Study Guide

Why Don't You Dance? Guilt/Shame (or lack thereof)

By Raymond Carver

Guilt/Shame (or lack thereof)

"I feel funny," he said. "Better see if anybody's home."

She bounced on the bed.

"Try it first," she said. (18-20)

From the get go, the girl reveals herself as a little bit of an exhibitionist, since she apparently seeks out the thrill of doing naughty things in public. Here she's trying to convince her boyfriend to play on the bed with her, but he's uncomfortable.

She turned on her side and put her hand to his face.

"Kiss me," she said.

"Let's get up," he said.

"Kiss me," she said.

She closed her eyes. She held him.

He said, "I'll see if anybody's home."

But he just sat up and stayed where he was, making believe he was watching the television. (24-30)

The young girl is pretty persistent about trying to get the young guy to fool around with her, but he definitely feels guilty and/or uncomfortable about it. He doesn't outright say no, but he finds an excuse to sit up and avoid making out with the girl on the bed.

"Go ahead," the man said. "It's my yard. You can dance if you want to." (83)

Meanwhile, the owner of the bed (and the lawn) doesn't seem to care what the young couple does on his property or who sees it—he actually encourages them to put on a show for the neighbors by dancing.

"Those people over there, they're watching," she said. (89)

At first, when the guy encourages them to dance, the young girl indicates she's uncomfortable, noting that there are people watching. Wait, where did the exhibitionist from earlier in the story go? You know, the one who was willing to get frisky in public? Now dancing is an issue? What gives?

"Let them watch," the girl said. (91)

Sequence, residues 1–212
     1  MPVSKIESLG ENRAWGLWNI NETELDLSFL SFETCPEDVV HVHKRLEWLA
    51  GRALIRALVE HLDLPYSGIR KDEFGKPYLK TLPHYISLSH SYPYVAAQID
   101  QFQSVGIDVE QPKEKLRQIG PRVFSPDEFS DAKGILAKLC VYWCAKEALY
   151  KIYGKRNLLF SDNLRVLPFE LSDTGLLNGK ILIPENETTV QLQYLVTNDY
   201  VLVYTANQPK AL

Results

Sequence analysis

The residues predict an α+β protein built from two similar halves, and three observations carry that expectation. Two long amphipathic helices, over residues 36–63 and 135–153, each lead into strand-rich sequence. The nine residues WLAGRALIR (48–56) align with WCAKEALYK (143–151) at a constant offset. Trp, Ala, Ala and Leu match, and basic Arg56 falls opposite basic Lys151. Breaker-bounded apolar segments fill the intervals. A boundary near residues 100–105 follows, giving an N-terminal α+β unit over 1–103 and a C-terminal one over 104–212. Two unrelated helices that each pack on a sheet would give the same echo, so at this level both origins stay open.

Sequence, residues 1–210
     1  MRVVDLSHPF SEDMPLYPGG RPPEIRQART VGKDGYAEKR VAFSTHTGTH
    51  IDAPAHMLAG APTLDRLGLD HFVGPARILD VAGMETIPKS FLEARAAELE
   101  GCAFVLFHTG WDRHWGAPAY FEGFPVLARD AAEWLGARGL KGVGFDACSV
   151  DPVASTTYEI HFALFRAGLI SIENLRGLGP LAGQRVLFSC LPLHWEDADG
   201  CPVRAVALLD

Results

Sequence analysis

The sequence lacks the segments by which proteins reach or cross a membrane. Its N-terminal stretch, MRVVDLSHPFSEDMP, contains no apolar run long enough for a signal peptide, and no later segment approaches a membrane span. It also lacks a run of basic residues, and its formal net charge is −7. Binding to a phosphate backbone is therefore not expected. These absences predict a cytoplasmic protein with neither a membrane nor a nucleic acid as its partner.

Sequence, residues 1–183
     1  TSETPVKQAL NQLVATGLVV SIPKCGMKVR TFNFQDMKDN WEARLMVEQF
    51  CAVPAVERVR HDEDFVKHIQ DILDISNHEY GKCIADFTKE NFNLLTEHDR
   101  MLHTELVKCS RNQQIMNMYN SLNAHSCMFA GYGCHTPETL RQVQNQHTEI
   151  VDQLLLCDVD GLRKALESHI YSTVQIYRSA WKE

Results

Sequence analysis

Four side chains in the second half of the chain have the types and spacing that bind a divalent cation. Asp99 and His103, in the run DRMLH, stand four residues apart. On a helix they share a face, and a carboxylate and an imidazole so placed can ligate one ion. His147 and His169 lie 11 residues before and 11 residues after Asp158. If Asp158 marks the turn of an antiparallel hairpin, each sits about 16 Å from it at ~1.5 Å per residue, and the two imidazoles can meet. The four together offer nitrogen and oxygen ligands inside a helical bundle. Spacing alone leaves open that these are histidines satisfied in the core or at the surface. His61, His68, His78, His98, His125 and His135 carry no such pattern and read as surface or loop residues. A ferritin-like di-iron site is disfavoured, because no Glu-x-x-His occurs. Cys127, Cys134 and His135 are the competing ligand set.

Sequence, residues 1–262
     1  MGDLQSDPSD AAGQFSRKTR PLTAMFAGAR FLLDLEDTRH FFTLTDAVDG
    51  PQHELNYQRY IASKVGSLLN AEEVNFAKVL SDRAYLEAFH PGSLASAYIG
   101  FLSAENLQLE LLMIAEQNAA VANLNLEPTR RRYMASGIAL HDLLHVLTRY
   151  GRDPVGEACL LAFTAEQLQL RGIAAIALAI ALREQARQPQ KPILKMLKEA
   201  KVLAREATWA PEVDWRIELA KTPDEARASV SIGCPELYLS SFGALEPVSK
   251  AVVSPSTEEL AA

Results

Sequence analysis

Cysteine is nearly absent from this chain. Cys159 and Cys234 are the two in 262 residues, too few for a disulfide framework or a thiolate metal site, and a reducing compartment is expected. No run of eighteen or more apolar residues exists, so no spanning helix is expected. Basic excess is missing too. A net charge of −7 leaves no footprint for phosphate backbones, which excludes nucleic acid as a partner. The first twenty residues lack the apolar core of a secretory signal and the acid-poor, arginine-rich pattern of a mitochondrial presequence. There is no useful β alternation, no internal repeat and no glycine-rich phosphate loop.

Whew—we thought we were going to have to revise our opinion of the young girl and her willingness to do whatever, regardless of who's watching. Although she was concerned at first that people were watching her, here (just a couple of lines later) she's back to her old self, totally comfortable and guilt-free about the fact that people will be watching her dance. Once the guy gives her permission not to care, she decides that she doesn't.

"That's right," the man said. "They thought they'd seen everything over here. But they haven't seen this, have they?" (92)

We're not totally sure what's going on here, but it sounds like the older guy has been the subject of scrutiny before—apparently, the neighbors have already seen "everything" at his house, so a little dancing can't hurt, right? The fact that the older guy has already put on a show (of some kind) for the neighbors means that he and the young couple can do it again without worrying or feeling embarrassed about it.

Weeks later, she said: "The guy was about middle-aged. All his things right there in his yard. No lie. We got real pissed and danced. In the driveway. Oh, my God. Don't laugh. He played us these records. Look at this record-player. The old guy give it to us. And all these crappy records. Will you look at this s***?"

She kept talking. She told everyone. There was more to it, and she was trying to get it talked out. After a time, she quit trying. (97-98)

Evidently the girl wasn't quite as carefree about the encounter as she initially said she was. After, she kind of puts all the weird behavior on the older dude, but there's clearly something about the whole thing that bothers her. It's not clear whether it's guilt or shame about being drawn to the older man or what, but something has clearly stayed with her that she's trying (and failing) to talk out.

This is a premium product

Tired of ads?

Join today and never see them again.

Please Wait...